Katy Lowrey, one of our gap year volunteers in Zimbabwe, has written about how CAFOD is helping children living with disabilities:
Zimbabwe is a beautiful country with beautiful people. Everyone we have met over the past two weeks have been amazing, friendly and kind to those around them. We met these people at the previous partners we visited, Mavambo and Mashambanzou, and now also at St Albert’s, where we have been staying during the week.
The Chitemamuswe Rehabilitation Centre for children
On the second day of our stay with St Albert’s we visited the Chitemamuswe Rehabilitation Centre. This centre is for children, from babies to 19-year-olds, and is a place for those with disabilities to come and feel accepted and part of a community as some of their own communities may have rejected them due to their disability. The centre was set up by Mathew Chitemamuswe in 2013 to help people living with disabilities and with HIV and AIDS.
The centre’s work is split into three age groups. Mrs Savah runs the youngest age group, with the main aim to prepare the young children for when they start school, as they need to know how to cope with their disability without the technology or accessories that are available elsewhere.
Mrs Savah pointed out that a small child standing next to her was severely short sighted. When he starts school he will be unable to read. She explained that this could be solved if his family could afford glasses or if the schools could provide some braille for the child so that he can learn to read. Similarly, she indicated a child at the back of the group who was facing away from the group and tracing an image on the wall, and told me that the boy was extremely hard of hearing and so would struggle to learn unless he had access to a hearing aid or a teacher who knows sign language.
What is a disability?
As Mrs Savah went round the group introducing everyone and telling me their disability I realised that some things they classed as a disability were things that I had never really considered a disability before. I understood that if people in the UK with these conditions didn’t receive treatment it can hinder tasks but there are ways to help and overcome the barriers caused by the disability. For example, as someone who wears glasses I know that without my glasses I cannot see anything but a blur of colours, but I’ve never felt hindered by my eyesight as I’ve worn glasses since starting school. Yet being told that the children at St. Albert’s will face huge struggles is something that I had never thought of in connection to something that in the UK can be easily fixed. Mrs Savah said that glasses, hearing aids and braille pages are just too expensive for families or schools to afford.
The 5-10 group is also run by Mrs Savah. This group is made up of pupils who share the same problems as the youngest children, but these children are coping with their disabilities and finding their best way to learn and cope whilst at school. Mrs Savah said: “Most of the children need personal attention but finance is a big problem for schools as they cannot afford extra staff or equipment. Some schools only have one textbook for one class so how can they afford a separate book that may be done in braille that no one understands? Looking towards the future we are hoping that we will be able to get specialists to work with the children as we want to create a plan to cater for our children in a way that will best support them. We want this to include being able to teach the children who need it braille, and then sign language to all the children so that they can all communicate with each other no matter what their disability is.”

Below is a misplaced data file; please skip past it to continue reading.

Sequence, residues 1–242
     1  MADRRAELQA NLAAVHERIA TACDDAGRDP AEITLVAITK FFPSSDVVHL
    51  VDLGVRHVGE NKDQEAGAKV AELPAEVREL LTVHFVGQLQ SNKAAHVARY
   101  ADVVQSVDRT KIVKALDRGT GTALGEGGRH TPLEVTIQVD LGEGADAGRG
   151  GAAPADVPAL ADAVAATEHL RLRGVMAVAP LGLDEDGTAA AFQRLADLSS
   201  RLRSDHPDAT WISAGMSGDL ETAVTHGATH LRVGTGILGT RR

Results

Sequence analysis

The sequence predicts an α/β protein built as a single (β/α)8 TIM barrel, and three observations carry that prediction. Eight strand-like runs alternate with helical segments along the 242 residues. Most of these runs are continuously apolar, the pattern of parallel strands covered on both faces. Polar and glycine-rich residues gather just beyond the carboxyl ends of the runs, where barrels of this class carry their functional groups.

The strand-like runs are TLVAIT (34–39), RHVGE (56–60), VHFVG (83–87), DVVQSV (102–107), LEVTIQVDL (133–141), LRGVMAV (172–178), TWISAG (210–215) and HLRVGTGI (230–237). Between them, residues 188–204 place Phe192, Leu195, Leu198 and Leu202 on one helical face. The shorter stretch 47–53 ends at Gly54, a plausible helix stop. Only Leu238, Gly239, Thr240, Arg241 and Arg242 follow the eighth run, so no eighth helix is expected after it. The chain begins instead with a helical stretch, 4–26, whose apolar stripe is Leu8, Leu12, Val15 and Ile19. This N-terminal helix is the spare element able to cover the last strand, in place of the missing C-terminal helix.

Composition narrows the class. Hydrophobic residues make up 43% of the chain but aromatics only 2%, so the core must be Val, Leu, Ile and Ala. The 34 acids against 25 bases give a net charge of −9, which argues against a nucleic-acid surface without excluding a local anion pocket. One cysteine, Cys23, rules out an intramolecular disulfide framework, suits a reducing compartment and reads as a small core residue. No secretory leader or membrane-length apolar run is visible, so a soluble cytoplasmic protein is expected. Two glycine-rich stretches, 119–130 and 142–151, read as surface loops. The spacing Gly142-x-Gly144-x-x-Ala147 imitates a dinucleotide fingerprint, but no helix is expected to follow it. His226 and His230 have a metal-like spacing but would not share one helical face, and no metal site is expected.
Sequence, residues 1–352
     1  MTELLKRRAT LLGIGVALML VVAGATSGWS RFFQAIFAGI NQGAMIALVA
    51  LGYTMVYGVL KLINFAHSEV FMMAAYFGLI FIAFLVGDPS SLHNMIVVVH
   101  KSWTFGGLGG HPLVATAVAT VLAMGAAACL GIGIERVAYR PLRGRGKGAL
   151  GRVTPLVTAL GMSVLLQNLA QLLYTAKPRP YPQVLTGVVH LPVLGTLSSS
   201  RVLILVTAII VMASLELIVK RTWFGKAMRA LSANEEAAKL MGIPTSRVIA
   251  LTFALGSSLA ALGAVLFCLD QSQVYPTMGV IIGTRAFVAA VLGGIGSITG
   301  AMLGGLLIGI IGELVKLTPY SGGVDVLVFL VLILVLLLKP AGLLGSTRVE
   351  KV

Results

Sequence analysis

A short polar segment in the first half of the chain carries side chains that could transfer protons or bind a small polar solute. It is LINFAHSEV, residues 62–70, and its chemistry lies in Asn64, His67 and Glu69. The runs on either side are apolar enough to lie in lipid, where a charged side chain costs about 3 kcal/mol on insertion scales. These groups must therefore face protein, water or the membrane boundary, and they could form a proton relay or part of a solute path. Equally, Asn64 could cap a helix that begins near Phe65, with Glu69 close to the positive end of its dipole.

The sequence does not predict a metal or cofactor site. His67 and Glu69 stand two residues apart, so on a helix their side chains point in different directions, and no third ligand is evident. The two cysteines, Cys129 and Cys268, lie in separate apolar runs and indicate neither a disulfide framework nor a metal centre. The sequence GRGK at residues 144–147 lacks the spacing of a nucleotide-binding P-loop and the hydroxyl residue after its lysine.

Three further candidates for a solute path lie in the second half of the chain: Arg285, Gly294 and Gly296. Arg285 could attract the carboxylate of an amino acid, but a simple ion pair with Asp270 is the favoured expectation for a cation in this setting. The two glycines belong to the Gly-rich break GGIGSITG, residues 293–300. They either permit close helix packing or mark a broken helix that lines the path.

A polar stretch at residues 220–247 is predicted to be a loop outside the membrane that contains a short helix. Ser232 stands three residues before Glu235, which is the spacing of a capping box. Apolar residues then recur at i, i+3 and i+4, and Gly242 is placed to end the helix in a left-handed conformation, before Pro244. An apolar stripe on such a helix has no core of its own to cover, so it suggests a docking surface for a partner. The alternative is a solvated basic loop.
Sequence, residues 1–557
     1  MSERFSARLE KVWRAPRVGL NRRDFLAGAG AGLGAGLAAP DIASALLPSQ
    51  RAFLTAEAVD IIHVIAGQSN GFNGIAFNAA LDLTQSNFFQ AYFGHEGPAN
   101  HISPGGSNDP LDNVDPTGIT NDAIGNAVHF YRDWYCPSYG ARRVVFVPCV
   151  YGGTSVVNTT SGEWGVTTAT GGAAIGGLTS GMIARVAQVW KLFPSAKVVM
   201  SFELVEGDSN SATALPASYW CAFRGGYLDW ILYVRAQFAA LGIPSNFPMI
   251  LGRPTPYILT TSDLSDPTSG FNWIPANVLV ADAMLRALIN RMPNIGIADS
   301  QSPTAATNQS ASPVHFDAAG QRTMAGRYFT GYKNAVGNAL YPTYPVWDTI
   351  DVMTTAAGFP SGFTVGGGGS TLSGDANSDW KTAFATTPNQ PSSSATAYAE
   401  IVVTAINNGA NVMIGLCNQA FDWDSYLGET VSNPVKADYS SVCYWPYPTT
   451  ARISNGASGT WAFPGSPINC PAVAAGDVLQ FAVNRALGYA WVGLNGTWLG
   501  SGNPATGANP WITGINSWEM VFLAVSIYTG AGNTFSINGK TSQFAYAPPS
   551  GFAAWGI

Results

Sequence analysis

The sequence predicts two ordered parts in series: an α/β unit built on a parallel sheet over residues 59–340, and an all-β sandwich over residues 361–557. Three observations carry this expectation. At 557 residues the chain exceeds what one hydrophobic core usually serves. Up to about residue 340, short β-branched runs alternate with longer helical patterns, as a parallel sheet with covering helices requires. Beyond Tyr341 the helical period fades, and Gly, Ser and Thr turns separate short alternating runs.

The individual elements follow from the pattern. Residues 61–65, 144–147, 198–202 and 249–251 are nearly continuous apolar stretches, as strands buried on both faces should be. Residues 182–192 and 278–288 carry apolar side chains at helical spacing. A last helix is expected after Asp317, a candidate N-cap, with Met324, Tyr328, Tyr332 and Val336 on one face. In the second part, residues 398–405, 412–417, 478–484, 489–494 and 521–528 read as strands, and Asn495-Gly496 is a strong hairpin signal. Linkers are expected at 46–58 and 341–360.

Disability does not mean inability
The 11-18 group focus on running projects to help develop life skills that are transferable for when they are no longer at the centre. The leader of that group said: “The main aim is to develop their skills so that when they leave they can be able to provide for themselves. I constantly emphasise our motto – disability does not mean inability – so that they know what is expected. It also gives them confidence in themselves to carry out the projects.
“Each person within the group is allocated different duties each day so that they can learn all aspects of the project and the work that they are doing. The main project is looking after the roadrunners and chickens. The group designed and built the coop and run where the birds stay by using local materials, and they sell the eggs to generate an income to purchase feed and other things the centre may need.”
What I learned on my gap year project
From this project I have learned that chickens are not just for food or creating a profit but for learning essential skills that these young people can now use in their daily lives.
At the rehabilitation centre I was exposed to the difficulties that some children and adults throughout Zimbabwe are facing, but I have seen the great work that our partners are doing with support from CAFOD. It is inspiring to see the work that the centre and St Albert’s are doing together to help these children as not only are they working within the centre to build confidence and life skills but they also work outside, within schools, communities and churches to eradicate prejudice against people living with disabilities.